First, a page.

Fantastically offensive. That’s the phrase coming to my mind as I describe the seventh episode of Family Tree. For starters, the episode’s title “Indians” lends itself to quite the facial cringe. Thankfully, there’s more.
“Indians” begins with Tom Chadwick continuing his pursuit of his family tree. He becomes convinced his great-great grandmother was of Native American descent. His cousin, Al Chadwick, a podiatrist, mentions a Native American patient of his who could help Tom investigate further. She lives near the Mojave Desert. Tom’s sister, Bea and his best mate, Pete have come to California to visit and they embark on an adventure in a bright red convertible, armed only with an old photograph of Tom’s great-great grandmother.
The three head up to a Native Reservation in the Mojave Desert. There, Chief Running Bull, played greatly by actor Graham Greene, and the Reservation’s shaman are waiting for them in a Winnebago. The scene is set for a smorgasbord of inappropriateness and it does not fail. All three, Tom, Bea (with Monk) and Pete get their feet caught in their mouths on many occasion. But it is Pete who offends the most. The terrific thing is Pete is used in a way that works far greater than in any other episode. In the past, he could be such an irritant, he pulls me away from the show. But in “Indians,” we’re given the right dosage of Pete. As well, his comments are made in such a way you can’t help but feel for him. It’s very clear; he doesn’t know what he’s saying hurts. Even better, he doesn’t stop after seeing people’s faces contort around his offensive statements.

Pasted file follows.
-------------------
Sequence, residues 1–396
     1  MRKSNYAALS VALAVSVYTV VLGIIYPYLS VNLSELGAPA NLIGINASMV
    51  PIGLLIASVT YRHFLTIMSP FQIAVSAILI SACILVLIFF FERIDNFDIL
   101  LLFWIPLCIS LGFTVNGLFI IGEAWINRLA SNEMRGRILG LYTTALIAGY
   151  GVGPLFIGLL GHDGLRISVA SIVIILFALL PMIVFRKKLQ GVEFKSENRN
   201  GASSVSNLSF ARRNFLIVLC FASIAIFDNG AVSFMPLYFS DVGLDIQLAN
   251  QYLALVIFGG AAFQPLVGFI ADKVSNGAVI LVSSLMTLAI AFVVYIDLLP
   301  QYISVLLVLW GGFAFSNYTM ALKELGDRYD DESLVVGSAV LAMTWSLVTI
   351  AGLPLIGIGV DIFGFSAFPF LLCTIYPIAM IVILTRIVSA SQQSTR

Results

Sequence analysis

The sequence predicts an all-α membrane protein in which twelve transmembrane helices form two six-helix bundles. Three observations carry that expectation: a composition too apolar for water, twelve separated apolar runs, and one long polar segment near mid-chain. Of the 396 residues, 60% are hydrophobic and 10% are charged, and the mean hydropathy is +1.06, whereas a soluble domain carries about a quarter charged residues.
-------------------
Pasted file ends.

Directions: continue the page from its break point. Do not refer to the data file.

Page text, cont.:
“Indians” ends with a twist, sucking another group of people into Family Tree’s satirical wake. Tom ends up at a local shop, Schmelff’s Dry Goods. The three are greeted by store owner Marty Schmelff. Tom shows Marty the photograph of his great-great grandmother. Immediately, Marty takes him to a larger picture with his great-great grandmother and her whole family. They are his descendants, and they are Schmelffs. To Tom’s chagrin, he realizes he’s not Native American after all. He’s Jewish. Disappointed, Tom accepts his fate to a chorus of incredibly inappropriate one-liners by Monk.
I have to admit, I spent as much time trying to write this piece as actually doing it. For stretches, I was paralyzed, not wanting to write something in an inappropriate way, offending Native Americans with the term Indians (which I’ve probably just done). The term itself is rarely used and conjures memories of distasteful moments in human history. So how do the creators of Family Tree, Christopher Guest and Jim Piddock, get around it. They don’t. They go right for it, never apologizing. With this approach, “Indians” works.
Happily, I’m reminded of Larry David in Curb Your Enthusiasm. He will take a dig at anything and anyone, especially himself. Heck, he even referenced George Lucas having sex with prostitutes. Now, I will defend Lucas and Star Wars until my dying day, but that was hilarious. Perhaps it’s humor, when done right, which can skate around such politically incorrectness. “Indians” gets it right. Guest and Paddock know the word is offensive, that’s why they abuse it. And in that abuse, there are incredibly funny moments. In a world today where it seems no one can be offended, Family Tree’s “Indians” takes its swing and hits a home run.